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3:2:1 I did it I DID IT I DID IT

post #1 of 25
Thread Starter 

Following the recipe to the letter for pate brisee in the Time-Life book on Provincal Cooking, I've achieved Nirvana.  A crunchy butter flavored crust that's flakey even at the bottom of the quiche no matter its diameter.  This is truly heaven.  Just follow the recipe exactly and you might need to place the tarte/quich pan in the upper third of the oven for better browning.

 

Three decades ago I tried making crusts using books but without internet and international feedback and became frustrated - even though I was living in the Berkeley gourmet ghetto at the time NOONE, not any of the vendors,  gave me advice at the time and so I got frustrated.  Three decades later, Nirvana with all of the help I received here.

 

The 9 incher turned out just okay but the 6 incher was outta' this world probably because it was rolled out a bit thinner.  I mean, a real crunch biting thru the thickest part of the pie.

 

Aaaahhhhh, tears after all of this time.  It took me decades to get it right.


Edited by kokopuffs - 3/29/13 at 2:22pm

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post #2 of 25

Congratulations!

post #3 of 25
Thread Starter 

It couldn't have been the tin plated tarte pan versus Fat Daddio's pan.  Rather, it was the  sheet of aluminum foil packed into the dough.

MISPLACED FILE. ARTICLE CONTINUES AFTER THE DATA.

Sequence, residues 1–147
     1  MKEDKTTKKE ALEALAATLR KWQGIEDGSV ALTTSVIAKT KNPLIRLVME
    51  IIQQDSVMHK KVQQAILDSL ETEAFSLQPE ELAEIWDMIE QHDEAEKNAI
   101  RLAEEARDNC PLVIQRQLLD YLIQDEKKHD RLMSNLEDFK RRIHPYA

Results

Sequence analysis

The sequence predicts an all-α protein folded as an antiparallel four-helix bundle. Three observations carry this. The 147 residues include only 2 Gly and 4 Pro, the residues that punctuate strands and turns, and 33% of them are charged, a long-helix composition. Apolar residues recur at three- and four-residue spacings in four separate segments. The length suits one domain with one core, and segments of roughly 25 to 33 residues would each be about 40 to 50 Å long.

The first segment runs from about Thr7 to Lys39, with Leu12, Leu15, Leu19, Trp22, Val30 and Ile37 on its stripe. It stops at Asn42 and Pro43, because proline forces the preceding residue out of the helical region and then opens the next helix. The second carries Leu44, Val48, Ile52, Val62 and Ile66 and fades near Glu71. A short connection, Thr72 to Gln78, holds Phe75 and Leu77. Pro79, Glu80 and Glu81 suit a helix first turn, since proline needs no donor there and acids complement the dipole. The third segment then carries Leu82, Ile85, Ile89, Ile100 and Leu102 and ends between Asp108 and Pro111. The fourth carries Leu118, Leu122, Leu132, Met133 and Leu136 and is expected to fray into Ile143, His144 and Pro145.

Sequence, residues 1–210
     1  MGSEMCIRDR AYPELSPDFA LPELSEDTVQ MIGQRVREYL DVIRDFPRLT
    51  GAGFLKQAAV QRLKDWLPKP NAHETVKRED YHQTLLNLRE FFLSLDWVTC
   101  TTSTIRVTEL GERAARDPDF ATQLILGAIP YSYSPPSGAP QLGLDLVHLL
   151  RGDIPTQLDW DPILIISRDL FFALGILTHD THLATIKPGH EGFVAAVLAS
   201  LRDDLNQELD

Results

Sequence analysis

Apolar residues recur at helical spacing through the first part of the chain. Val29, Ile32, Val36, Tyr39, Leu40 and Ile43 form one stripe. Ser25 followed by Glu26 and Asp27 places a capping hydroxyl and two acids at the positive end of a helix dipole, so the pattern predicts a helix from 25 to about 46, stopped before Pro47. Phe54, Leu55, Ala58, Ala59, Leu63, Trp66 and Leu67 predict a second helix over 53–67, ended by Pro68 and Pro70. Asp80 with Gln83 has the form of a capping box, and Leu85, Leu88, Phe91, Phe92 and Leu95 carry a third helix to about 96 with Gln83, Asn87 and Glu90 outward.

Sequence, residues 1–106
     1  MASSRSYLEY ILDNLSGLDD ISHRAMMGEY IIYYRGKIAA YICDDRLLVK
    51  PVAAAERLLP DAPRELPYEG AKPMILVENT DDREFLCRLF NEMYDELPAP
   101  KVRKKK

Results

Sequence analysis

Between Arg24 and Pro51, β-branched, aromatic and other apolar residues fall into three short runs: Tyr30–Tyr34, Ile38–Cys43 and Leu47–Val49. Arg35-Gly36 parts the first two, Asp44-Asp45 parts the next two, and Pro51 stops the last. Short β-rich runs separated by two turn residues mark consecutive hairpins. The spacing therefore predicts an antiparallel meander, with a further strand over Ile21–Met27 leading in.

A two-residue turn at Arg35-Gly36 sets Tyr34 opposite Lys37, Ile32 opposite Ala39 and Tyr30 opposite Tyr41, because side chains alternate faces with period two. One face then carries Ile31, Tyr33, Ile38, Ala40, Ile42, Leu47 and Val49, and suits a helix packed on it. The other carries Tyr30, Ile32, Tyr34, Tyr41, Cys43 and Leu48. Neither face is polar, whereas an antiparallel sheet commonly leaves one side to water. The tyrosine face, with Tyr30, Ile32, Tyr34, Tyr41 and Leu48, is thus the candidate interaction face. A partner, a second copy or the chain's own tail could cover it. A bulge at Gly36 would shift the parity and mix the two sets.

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post #4 of 25

What do you mean, aluminum foil "packed into the dough?" Did you line the pan with it or line the unbaked crust with it?

 

I'm confused.

 

That Time-Life book is edited by Richard Olney, isn't it? He's got a couple of French cookbooks of his own that I've never seen but am interested in.

post #5 of 25
Thread Starter 

buttered foil gently pushed against the dough to prevent the sides from dropping.

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post #6 of 25

I may have posted this elsewhere, but here it is again.

 

For par baked or fully baked pie or tart crusts, I line the dough with buttered foil, then dock the crust with a dinner fork, then fill the foil lined shell with dried beans, raw rice, or pie weights (http://www.kitchenspice.com/tastefultimes/tarts_tartlets.htm ,and scroll down).

 

Then bake for about 8-10 minutes, remove the foil and weights, brush with egg wash to seal, return to oven and bake to desired doneness.
 

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post #7 of 25
Thread Starter 
Quote:
Originally Posted by PeteMcCracken View Post

I may have posted this elsewhere, but here it is again......

Pete, yes, and your method is the one that's detailed in the Time-Life book.  I used it because I figured that if the 'filling' that I think you mentioned was something to rave about, probably the crust is too.

 

The dough ingredients:

 

1 1/2C AP flour  (6 oz)

4TBS Unsalted Butter (3 oz)

2TBS Lard (1 oz)   ...and therefore 4 oz fat total including the butter

3-5 TBS Water (2 oz)

 

And therefore there's your 3:2:1 proportion

 

OBSERVATIONS AND QUESTIONS FOLLOW

 

1.  And it turns out that I had not been working the fat into the flour sufficiently.  It seems that the fat /flour mixture should be worked into "flakes" that are paper-thin and it's at that point that water is added.  The dough, lightly floured and wrapped into a ball as specified in the recipe, rested in the fridge for three hours prior to rolling out.  And once it lined the tarte pan, it was allow to rest for another hour in the fridge prior to baking.